Flotsam (what we’re obsessed with right now)
- Mr. Trashwheel, who has the best social media game in town. How can anyone compete with a garbage-eating floating waterwheel who’s Reddit AMA is this on point?
I am thrilled beyond measure to announce that, after 3 years blogging as a trio, we are welcoming four new authors to the ranks of Southern Fried Science. You will, know doubt recognize these familiar faces from around our humble corner of the ocean blogosphere. The incredible Southern Fried Science Class of 2013 includes:
Chuck is a former Rhode Islander attending graduate school in North Carolina. He combines his dual interests in sharks and seafood by researching the interactions between marine apex predators and fisheries, with a focus on U.S. fisheries management. Chuck’s field misadventures and older posts on fisheries science can be found at Ya Like Dags?, and he can be followed on Twitter (@SpinyDag) and Google+.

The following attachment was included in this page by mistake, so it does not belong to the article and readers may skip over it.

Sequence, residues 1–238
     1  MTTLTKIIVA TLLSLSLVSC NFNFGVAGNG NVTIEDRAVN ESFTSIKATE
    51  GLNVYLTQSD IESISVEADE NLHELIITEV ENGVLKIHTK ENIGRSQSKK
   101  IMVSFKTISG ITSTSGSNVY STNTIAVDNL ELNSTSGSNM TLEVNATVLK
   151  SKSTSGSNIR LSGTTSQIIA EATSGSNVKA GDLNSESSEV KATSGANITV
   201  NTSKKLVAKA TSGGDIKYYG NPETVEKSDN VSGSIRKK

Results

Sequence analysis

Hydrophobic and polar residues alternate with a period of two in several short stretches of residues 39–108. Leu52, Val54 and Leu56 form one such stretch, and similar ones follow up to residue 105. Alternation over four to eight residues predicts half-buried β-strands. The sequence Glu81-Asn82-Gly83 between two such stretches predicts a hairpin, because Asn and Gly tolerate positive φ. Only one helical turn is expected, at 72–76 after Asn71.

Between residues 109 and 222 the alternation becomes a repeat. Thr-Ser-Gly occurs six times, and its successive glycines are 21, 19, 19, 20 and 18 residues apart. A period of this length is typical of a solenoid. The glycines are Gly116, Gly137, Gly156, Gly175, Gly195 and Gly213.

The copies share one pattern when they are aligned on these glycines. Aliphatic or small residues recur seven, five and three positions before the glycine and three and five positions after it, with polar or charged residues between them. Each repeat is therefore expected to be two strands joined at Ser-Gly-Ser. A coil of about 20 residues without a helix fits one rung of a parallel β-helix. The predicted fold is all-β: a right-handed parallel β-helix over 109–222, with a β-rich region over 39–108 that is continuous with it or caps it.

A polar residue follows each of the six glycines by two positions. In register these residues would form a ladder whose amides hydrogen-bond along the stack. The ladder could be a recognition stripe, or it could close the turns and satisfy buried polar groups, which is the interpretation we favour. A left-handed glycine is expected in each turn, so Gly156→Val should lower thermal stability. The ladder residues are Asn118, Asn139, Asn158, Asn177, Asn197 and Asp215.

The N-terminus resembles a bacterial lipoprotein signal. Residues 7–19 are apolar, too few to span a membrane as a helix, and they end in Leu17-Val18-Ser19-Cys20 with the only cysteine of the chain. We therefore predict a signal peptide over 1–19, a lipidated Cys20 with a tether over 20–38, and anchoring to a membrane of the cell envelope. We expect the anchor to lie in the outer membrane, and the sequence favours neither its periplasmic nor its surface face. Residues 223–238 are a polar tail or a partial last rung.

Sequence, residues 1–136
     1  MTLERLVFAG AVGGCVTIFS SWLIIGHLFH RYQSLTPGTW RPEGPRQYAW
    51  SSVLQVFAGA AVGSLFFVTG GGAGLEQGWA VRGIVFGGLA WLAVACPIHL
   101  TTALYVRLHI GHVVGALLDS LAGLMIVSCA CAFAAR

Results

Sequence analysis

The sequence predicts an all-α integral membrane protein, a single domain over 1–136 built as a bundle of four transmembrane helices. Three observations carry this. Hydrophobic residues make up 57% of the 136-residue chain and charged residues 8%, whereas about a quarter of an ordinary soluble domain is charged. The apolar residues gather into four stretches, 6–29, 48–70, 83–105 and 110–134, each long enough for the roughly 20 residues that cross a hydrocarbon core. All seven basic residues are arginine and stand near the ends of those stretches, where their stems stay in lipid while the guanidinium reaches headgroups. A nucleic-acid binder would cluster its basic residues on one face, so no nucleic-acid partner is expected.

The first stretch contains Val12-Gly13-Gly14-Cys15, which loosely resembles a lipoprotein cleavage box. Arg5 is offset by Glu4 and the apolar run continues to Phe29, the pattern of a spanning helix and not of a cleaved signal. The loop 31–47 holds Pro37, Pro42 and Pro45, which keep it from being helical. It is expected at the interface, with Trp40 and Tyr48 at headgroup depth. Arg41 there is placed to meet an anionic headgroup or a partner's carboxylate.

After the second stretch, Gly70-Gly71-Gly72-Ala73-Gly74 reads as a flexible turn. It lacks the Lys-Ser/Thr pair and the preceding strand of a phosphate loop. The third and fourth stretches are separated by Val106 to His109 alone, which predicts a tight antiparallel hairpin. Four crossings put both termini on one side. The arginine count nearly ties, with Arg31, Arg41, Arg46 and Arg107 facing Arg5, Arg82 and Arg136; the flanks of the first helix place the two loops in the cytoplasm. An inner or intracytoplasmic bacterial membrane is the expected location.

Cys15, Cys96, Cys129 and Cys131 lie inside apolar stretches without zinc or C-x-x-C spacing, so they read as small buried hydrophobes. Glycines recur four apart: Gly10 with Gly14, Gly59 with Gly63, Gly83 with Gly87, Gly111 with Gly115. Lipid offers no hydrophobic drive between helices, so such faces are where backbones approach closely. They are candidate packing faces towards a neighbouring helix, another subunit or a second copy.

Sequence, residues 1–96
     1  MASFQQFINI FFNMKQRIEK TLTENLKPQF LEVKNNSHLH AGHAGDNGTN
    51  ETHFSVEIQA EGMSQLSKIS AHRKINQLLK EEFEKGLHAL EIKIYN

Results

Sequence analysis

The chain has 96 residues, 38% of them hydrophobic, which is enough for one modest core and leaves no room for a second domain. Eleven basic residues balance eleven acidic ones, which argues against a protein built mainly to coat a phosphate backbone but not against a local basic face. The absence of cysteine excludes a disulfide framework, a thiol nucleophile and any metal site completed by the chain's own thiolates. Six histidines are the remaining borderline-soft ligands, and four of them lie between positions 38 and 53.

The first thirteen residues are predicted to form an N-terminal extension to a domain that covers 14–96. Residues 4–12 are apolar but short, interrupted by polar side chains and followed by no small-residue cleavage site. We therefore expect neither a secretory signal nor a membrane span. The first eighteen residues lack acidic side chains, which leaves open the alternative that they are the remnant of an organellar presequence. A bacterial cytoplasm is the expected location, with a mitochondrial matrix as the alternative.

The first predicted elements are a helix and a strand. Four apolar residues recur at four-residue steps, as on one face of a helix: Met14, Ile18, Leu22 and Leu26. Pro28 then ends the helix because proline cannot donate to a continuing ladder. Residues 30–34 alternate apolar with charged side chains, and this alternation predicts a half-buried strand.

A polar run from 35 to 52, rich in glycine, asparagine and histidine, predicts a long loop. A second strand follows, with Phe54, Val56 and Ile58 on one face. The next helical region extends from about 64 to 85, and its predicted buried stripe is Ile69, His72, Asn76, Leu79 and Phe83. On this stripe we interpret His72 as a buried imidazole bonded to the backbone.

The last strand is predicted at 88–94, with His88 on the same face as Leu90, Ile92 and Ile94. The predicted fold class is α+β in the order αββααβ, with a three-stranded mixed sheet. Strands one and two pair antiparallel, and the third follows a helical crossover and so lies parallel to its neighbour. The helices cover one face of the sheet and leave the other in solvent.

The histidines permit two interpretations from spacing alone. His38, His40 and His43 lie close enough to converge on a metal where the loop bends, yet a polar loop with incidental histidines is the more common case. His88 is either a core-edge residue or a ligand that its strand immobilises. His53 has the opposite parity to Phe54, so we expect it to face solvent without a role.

Lyndell comes to us from People, Policy, Planet and Save Our Sharks. She is currently finishing her M.Sc. in Biology, using genetic techniques to investigate the feeding ecology of cownose rays in North Carolina and Chesapeake Bay. You can follow her on twitter at @lyndellmbade and on Google+.
Iris joins us from Alevin to Adult, where she blogs about salmon. She is currently finishing her MS in Aquatic & Fisheries Sciences at the University of Washington, Seattle where she studies causes of variable growth and survival of Puget Sound salmon. You can follow Iris via twitter and LinkedIn.
Michael is finishing up his PhD in Biology at the University of Maryland, Baltimore County. He works on the visual ecology of the mantis shrimp, a specious order of marine crustaceans that boast the fastest strike, worst disposition, and most complex (convoluted) visual system in the world. You can follow him on Twitter and Google+.
This year, during Science Online 2012 I asked 8 marine scientists and ocean advocates the following question: What issues in marine science and conservation would you like to see discussed more in the coming year? The responses ranged from protecting coral reefs to developing better bioinformatic tools.
Watch their answers below.